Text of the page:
Also spelled NINHURSAGA (Sumerian), Akkadian Belit-ili, in Mesopotamian religion, city goddess of Adab and of Kish in the northern herding regions; she was the goddess of the stony, rocky ground, the hursag. In particular, she had the power in the foothills and desert to produce wildlife. Especially prominent among her offspring were the onagers (wild asses) of the western desert. As the sorrowing mother animal she appears in a lament for her son, a young colt, but as goddess of birth she is not only the goddess of animal birth but the Mother of All Children, a mother-goddess figure. Her other names include: Dingirmakh ("Exalted Deity"), Ninmakh ("Exalted Lady"), Aruru ("Dropper," i.e., the one who "loosens" the scion in birth), and Nintur ("Lady Birth Giver"). Her husband is the god Shulpae, and among their children were the sons Mululil and Ashshirgi and the daughter Egime. Mululil seems to have been a dying god, like Dumuzi, whose death was lamented in yearly rites. (Source: Britannica.com)
Ninlil (sumerian)
Belit (akkad.)
Mesopotamian goddess, the consort of the god Bel (Sumerian: Enlil) and a deity of destiny. She was worshiped especially at Nippur and Shuruppak and was the mother of the moon god, Sin (Sumerian: Nanna). In Assyrian documents Belit is sometimes identified with Ishtar (Sumerian: Inanna) of Nineveh and sometimes made the wife of either Ashur, the national god of Assyria, or of Enlil (Bel), god of the atmosphere.

The Sumerian Ninlil was a grain goddess, known as the Varicoloured Ear (of barley). She was the daughter of Haia, god of the stores, and Ninshebargunu (or Nidaba). The myth recounting the rape of Ninlil by her consort, the wind god Enlil, reflects the life cycle of the grain: Enlil, who saw Ninlil bathing in a canal, raped and impregnated her. For his crime he was banished to the Underworld, but Ninlil followed. In the course of their journey Enlil assumed three different guises, each one ravishing and impregnating Ninlil. The myth seems to represent the process of wind-pollination, ripening, and the eventual withering of the crops and their subsequent return to the earth (corresponding to Ninlil's sojourn in the Underworld).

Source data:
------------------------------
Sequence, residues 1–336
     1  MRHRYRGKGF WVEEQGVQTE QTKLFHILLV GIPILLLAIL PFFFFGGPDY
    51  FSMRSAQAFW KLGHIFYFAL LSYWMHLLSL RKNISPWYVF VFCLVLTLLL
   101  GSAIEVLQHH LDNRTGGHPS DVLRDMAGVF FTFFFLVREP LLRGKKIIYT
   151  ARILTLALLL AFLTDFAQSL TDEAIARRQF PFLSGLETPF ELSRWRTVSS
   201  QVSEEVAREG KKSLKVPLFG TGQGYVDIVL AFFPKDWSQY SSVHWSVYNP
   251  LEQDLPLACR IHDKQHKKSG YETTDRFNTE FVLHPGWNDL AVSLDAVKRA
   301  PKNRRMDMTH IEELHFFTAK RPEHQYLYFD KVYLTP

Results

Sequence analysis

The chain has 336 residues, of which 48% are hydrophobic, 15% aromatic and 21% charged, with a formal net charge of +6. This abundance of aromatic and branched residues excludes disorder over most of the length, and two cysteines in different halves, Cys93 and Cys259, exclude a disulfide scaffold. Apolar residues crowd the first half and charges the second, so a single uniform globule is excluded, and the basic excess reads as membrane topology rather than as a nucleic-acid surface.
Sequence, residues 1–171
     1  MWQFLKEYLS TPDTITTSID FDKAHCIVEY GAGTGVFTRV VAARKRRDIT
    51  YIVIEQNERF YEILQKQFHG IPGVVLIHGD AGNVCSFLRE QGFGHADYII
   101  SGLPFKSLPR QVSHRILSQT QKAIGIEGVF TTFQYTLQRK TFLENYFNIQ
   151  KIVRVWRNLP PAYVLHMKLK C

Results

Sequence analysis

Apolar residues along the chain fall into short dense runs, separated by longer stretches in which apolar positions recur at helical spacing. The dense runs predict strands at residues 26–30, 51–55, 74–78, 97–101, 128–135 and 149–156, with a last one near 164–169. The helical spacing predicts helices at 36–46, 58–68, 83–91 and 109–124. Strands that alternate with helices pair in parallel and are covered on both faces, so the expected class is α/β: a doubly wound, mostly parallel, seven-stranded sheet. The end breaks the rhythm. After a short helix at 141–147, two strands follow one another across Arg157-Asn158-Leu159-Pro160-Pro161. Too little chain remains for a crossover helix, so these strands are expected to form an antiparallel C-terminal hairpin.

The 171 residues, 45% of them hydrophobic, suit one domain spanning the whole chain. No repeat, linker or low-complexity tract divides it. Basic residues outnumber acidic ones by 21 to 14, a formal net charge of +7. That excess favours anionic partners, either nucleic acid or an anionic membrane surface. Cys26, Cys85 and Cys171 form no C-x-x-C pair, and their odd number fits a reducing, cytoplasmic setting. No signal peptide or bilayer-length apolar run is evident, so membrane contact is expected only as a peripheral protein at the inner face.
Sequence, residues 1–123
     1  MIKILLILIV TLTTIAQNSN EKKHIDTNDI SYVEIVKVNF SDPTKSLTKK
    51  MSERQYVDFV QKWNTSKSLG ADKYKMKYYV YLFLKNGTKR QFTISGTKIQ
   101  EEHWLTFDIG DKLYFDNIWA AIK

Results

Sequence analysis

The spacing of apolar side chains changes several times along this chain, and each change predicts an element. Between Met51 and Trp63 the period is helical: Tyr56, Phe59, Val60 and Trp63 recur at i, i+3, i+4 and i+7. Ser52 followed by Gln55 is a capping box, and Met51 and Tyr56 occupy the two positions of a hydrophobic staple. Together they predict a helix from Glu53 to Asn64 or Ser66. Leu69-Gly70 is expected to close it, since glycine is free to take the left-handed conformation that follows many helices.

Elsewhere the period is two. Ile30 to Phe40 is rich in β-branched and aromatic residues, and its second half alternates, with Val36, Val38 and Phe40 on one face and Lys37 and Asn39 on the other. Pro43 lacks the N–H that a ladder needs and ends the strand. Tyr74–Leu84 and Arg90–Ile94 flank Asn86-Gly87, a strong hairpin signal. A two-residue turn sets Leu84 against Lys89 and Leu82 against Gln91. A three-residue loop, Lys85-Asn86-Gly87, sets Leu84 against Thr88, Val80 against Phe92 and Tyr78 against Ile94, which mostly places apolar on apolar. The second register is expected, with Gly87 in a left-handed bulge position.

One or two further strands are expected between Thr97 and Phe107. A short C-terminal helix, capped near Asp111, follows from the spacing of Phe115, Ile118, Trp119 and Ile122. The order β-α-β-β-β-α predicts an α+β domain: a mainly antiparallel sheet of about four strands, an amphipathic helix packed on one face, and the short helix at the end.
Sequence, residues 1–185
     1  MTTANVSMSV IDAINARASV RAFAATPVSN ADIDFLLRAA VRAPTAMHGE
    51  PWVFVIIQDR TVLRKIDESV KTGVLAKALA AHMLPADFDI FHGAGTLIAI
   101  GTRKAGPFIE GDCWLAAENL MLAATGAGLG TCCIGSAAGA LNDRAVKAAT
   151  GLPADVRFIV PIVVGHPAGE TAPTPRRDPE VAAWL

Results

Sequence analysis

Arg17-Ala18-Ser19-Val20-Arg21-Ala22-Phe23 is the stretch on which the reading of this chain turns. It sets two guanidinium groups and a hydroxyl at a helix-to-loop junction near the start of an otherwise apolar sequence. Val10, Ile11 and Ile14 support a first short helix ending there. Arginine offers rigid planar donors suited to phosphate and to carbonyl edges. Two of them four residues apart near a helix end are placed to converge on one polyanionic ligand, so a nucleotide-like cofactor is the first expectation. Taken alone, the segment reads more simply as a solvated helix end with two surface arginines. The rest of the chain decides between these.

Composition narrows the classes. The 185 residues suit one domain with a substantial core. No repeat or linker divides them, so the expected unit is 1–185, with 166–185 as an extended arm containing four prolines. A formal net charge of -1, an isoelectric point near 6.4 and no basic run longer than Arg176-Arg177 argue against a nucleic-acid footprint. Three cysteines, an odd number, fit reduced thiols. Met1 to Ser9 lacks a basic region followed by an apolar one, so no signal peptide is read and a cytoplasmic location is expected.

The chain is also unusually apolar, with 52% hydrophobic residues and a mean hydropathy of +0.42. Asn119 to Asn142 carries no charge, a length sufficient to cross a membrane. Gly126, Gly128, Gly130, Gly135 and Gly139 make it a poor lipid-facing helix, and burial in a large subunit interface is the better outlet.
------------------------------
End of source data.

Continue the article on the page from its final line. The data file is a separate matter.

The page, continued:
(Source: Britannica.com)

Schekhinah

"She, who dwells within": Jewish name for the female aspect of God. Some believe she was a goddess of her own and created the world together with God.

Siduri "Lady of Happiness": Siduri is the Goddess of Wine, Wisdom and Merry-making. She recognizes the reality of death and encourages Her followers to enjoy all the pleasures of life. She was honored by the Babylonians, Sumerians and Akkadians. She plays an important role in the EPIC OF GILGAMESH.
Tashmetu "Lady Who Listens": Tashmetu is said to posess "a wide ear." A compassionate Goddess, She listens to the prayers of Her faithful, and in turn opens their ears to Divine instruction. Her husband is Nebo, God of Teaching and Writing. She was worshipped by the Assyrians, Babylonians and Sumerians. 
Tiamat Her name means "Bitter Ocean." At the beginning of time there where only two oceans, one was Tiamat and one Apsu (sweet water). By mixing their waters they produced the first gods of Sumer. Later Apsu got killed by Enki, the Sumerian God of Wisdom. In revenge Tiamat tried to kill his son Marduk with 11 dragons and monsters she created. But Marduk slayed all her creations and murdered Tiamat by cutting her in a half, from her corpse he created the earth and the heaven. 
   

Suggest me, which one should move in, too.